els
> > with a meter. If you have an I/O header available, route the signals to=
 the
> > header to make probing easier and somewhat safer.
>
> > It is a lot to swallow all at once, but it sounds like you have a fair =
grasp
> > of the tools. At this point, it's less a matter of the Xilinx docs than=
 it
> > is assumptions about theboard. Take out the reset at the top level and =
set
> > it to constant '1' in your code. Check the pin locations in the ucf. Ta=
ke
> > out the data-gate until you have it working. I didn't see an led_enable=
 pin
> > at the top level entity. Check the schematic and see that it is wired t=
o
> > ground rather than a pin.
>
> I solved the problem !
> All I had to do is adding the following timing constraints
>
> clock period 40 ns
> offset before clock 10 ns
> offset after clock 10 ns
>
> It just works and had nothing but absolutely nothing to do with the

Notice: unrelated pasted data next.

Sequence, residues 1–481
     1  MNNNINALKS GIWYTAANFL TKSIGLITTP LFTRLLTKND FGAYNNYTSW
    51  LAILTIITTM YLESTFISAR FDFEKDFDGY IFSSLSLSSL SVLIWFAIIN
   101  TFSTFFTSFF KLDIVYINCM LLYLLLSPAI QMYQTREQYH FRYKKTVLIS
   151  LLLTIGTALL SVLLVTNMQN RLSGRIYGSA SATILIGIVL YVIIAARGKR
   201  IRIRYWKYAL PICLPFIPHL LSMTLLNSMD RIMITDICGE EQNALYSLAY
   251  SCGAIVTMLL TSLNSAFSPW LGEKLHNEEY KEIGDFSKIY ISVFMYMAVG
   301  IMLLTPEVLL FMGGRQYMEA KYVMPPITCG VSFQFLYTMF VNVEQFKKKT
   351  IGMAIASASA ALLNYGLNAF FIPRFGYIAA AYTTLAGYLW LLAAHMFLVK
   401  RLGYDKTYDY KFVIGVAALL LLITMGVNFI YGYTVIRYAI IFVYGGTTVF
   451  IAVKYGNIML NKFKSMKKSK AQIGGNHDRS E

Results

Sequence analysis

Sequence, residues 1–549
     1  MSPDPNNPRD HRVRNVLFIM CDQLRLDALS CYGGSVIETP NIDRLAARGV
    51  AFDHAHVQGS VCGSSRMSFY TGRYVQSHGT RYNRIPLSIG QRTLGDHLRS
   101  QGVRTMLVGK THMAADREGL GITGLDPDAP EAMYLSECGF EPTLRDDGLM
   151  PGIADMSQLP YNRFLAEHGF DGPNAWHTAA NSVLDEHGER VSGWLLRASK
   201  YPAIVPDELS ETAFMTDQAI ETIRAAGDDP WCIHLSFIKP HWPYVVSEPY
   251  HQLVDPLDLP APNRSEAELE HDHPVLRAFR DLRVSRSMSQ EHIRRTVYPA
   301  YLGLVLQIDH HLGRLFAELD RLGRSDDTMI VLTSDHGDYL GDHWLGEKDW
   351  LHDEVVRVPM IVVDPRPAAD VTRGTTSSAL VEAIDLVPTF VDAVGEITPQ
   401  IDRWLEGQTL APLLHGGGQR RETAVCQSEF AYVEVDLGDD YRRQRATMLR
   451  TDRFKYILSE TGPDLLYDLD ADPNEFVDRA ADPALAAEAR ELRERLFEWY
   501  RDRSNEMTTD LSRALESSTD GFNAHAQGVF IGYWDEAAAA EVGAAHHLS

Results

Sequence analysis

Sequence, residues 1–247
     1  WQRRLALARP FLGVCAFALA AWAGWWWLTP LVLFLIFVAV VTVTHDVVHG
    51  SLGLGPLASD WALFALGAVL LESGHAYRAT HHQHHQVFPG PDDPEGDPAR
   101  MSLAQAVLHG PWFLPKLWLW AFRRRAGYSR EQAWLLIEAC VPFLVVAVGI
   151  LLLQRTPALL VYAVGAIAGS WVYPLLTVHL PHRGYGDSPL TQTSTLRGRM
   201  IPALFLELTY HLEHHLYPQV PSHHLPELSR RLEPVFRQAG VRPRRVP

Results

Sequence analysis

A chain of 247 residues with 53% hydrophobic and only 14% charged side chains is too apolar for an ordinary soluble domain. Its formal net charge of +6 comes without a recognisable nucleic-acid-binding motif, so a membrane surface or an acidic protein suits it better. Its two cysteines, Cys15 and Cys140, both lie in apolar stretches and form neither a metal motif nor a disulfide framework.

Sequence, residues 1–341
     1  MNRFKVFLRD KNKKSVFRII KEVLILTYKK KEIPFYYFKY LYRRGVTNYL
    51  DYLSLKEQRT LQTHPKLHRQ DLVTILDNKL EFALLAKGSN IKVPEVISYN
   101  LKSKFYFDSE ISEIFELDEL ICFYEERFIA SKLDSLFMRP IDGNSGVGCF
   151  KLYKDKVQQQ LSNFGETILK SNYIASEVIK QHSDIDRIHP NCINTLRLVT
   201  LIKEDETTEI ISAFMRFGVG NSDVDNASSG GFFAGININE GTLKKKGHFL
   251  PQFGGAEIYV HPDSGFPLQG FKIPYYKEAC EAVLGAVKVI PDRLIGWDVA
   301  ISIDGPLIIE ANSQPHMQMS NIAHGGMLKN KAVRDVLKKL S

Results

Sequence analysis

> code
> I wonder why the manual did not mention anything about this ?
>
> I hope this might be usefull for someone else, that's the reason I add
> this message on this thread
>
> Thanks a lot for help
>
> Gert

That is actually an odd solution to a problem that shows in
simulation.  Did you find other changes that were needed to the code.
I looked at the code and I don't see a reason for the led outputs to
all be zero if the decade counter is counting.  It appears that you
verified the decade counter and the top level led output separately.
Is there a reason why you didn't look at the decade counter output in
the top level simulation?

My guess is that there is something else wrong.  Until you can
simulate your code I would not trust that it is working correctly.

Rick

Article: 140847
Subject: phase locking a slow (2Mhz) signal.